Author Archives: Shirley Metts

About Shirley Metts

Shirley Metts is a native Idahoan who grew up on a homestead north of Rupert. She moved to Hazelton, where she met her husband, Rocky. The couple has three children and five grandchildren. A secretary for the Kimberly School District for twenty-one years, Shirley retired in 2008. She is editor of the Magic Valley Gem Club’s news bulletin and southern Idaho representative for the American Lands Access Association.

Hazelton–Spotlight

“What? We’re moving to Hazelton? No way—no one moves to Hazelton! What about all our friends?” This was the reaction when our parents informed us kids in 1966 that we were moving to a farm at the end of Ridgeway Road a little east and south of Hazelton, about twenty-seven miles from our home in Rupert. As usually happens, we did make great new friends, one of whom was my future husband.

Before that move, the only memory I had of Hazelton was when we passed through it one Thanksgiving. We had been trying to visit my grandparents in Nampa but drove into a big blizzard, the snow coming down so fast that we had to turn around and go back home. Before the interstate system was built, to get from Rupert to Nampa you took a two-lane highway through Paul, Hazelton, Eden, Jerome, Bliss, King Hill, Glenns Ferry, and then on to Mountain Home and Boise. In Hazelton that Thanksgiving Day, I remember we looked for a telephone to call my grandparents, but not a single place was open. We had to turn around and call from the nearby little Greenwood Store.

We moved to Hazelton during my sister’s senior year at Minico Senior High School between Paul and Rupert, which meant we drove to Minico and back frequently, so she could graduate with her friends. My brother bought a car and we either rode with him or took the bus, which dropped us off at Kasota Road, about six miles from our farm, and Mom picked us up there. These trips gave my brother and me time to meet people and make friends before we started at Valley High School. Continue reading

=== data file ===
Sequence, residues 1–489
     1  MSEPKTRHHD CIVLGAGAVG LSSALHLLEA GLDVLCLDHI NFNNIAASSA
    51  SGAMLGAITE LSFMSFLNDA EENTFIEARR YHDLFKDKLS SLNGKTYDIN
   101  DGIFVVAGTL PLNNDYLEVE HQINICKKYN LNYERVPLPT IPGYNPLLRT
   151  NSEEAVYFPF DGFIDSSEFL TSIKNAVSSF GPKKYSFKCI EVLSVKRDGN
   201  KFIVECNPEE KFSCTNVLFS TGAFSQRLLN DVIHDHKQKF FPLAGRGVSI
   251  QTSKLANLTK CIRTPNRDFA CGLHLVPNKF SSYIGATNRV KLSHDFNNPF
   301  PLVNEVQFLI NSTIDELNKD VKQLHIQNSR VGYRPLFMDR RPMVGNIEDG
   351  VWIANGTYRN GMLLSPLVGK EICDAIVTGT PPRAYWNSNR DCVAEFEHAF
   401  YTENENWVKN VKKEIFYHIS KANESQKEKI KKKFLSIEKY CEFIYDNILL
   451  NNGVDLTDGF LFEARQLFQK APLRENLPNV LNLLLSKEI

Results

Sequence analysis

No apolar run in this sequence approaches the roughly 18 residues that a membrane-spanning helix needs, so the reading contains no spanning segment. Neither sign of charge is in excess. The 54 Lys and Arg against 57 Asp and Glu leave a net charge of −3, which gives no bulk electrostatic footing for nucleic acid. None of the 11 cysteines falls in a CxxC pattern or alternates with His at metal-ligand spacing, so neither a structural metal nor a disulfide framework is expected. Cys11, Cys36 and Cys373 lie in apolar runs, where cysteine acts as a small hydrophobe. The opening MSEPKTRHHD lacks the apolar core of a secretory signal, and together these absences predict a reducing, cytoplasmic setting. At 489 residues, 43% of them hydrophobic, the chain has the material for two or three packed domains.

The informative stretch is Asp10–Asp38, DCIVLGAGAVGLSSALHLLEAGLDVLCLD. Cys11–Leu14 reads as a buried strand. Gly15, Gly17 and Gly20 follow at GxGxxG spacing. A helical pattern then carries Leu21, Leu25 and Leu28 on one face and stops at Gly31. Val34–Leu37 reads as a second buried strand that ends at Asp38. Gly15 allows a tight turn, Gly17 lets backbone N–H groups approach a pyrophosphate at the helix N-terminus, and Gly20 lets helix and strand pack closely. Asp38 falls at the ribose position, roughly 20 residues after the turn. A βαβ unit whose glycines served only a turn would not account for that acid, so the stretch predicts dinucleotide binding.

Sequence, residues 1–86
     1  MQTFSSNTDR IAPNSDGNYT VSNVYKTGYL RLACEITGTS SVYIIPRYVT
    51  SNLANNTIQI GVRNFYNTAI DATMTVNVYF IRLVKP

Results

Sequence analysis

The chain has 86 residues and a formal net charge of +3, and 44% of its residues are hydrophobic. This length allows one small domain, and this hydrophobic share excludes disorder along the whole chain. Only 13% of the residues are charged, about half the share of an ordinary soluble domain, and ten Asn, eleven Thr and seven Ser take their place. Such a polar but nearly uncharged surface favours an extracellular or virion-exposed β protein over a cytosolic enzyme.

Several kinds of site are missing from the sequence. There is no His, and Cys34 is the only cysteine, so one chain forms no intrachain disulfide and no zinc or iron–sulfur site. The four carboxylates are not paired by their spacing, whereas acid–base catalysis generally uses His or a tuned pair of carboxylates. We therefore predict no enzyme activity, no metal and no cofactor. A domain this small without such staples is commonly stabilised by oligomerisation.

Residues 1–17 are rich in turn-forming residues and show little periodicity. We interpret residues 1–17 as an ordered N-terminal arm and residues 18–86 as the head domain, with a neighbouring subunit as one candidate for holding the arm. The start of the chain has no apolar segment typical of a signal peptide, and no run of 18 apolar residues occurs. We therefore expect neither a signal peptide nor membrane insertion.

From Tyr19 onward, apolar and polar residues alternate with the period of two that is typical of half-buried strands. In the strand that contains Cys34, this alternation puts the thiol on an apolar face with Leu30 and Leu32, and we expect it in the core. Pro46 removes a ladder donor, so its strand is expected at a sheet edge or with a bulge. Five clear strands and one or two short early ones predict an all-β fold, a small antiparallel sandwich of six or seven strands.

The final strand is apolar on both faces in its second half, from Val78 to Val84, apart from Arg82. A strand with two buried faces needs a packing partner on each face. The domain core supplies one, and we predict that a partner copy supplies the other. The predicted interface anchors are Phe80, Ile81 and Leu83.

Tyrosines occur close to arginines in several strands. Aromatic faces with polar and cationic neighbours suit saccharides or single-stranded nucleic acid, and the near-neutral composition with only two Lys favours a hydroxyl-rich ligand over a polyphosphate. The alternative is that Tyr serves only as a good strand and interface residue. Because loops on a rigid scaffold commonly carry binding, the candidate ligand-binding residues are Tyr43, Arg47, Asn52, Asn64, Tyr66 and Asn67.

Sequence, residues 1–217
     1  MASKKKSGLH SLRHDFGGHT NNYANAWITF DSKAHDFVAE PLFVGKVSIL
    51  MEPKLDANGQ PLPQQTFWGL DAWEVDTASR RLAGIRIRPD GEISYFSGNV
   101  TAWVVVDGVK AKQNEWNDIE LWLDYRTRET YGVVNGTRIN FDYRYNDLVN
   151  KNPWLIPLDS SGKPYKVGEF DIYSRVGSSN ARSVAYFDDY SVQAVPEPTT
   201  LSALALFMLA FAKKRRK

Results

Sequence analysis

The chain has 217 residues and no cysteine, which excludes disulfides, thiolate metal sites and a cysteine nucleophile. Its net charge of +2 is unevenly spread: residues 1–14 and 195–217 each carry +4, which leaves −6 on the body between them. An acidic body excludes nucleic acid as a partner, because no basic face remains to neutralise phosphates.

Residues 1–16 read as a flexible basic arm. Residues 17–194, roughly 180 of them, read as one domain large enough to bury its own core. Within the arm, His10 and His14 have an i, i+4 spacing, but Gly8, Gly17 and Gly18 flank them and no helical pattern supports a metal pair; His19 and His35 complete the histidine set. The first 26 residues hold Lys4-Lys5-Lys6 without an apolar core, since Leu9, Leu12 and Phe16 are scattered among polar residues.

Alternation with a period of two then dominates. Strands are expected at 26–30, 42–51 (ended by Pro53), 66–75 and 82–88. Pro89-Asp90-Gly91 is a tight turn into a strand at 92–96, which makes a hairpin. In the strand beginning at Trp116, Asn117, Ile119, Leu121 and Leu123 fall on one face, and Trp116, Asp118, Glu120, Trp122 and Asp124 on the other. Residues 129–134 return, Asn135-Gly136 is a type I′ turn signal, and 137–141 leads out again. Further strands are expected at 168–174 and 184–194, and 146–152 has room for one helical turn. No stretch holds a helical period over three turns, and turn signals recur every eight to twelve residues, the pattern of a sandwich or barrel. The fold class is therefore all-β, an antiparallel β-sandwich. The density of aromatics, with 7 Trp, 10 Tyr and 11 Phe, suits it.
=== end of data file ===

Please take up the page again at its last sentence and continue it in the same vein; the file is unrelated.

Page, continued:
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Spotlight–Hansen

In the fall of 1967, when I was fourteen, my parents moved our family from the Northside Tract at Rupert to Hazelton, within fifteen miles of Hansen. Even so, I grew up knowing very little about the town. This situation continued until I married in 1974, when we moved from Twin Falls to Kimberly, just four miles west of Hansen, and became very good friends with several Hansen residents. In spring of 1976, I went to work at the Hansen School District for about six months and learned more about the place. Forty years later, we still have friends who live there. Two of them were Hans and Martha Ross, both now deceased, who were wonderful people and pioneers in the area.

City clerk Linda Morrill describes sleepy little Hansen as a bedroom community of Twin Falls, which is about seven miles west on Highway 30, an easy commute yet far enough away for Hansen to be laid-back from the hustle and bustle of the larger city. Hansen’s current population of 1,160 has an elementary and junior/senior high school, a great public library, city offices, a café, post office, bar, grain elevators, a fiberglass machine shop, a fire station, and a store that is undergoing refurbishment. A community hall can be rented for weddings, parties, and other events.

The first thing that catches your attention after you pass the gaudy “Garden of Eden” truck stop at the I-84 exit to Hansen is the beauty of the crossing over the Snake River Canyon. In the town’s early days, the first bridge at this spot was the only connection between Hansen on the south side of the river and the farming areas of Eden and Hazelton on the north side. Before it was completed in 1919, the only way to cross the sixteen-mile-long river gorge was in a rowboat. The suspension bridge was held up by fourteen cables that were more than nine hundred feet long. It had two rows of wooden planks, which drivers were supposed to keep their tires on. It was wide enough for only one vehicle to travel at a time. If two vehicles met on the bridge, one would have to back up. My friend Harold Waggoner remembers driving a combine across that bridge and having to back up for another vehicle coming toward him. My dad liked to say it was a two-way bridge, one way going north and the other south—just not at the same time. Continue reading

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Murtaugh–Spotlight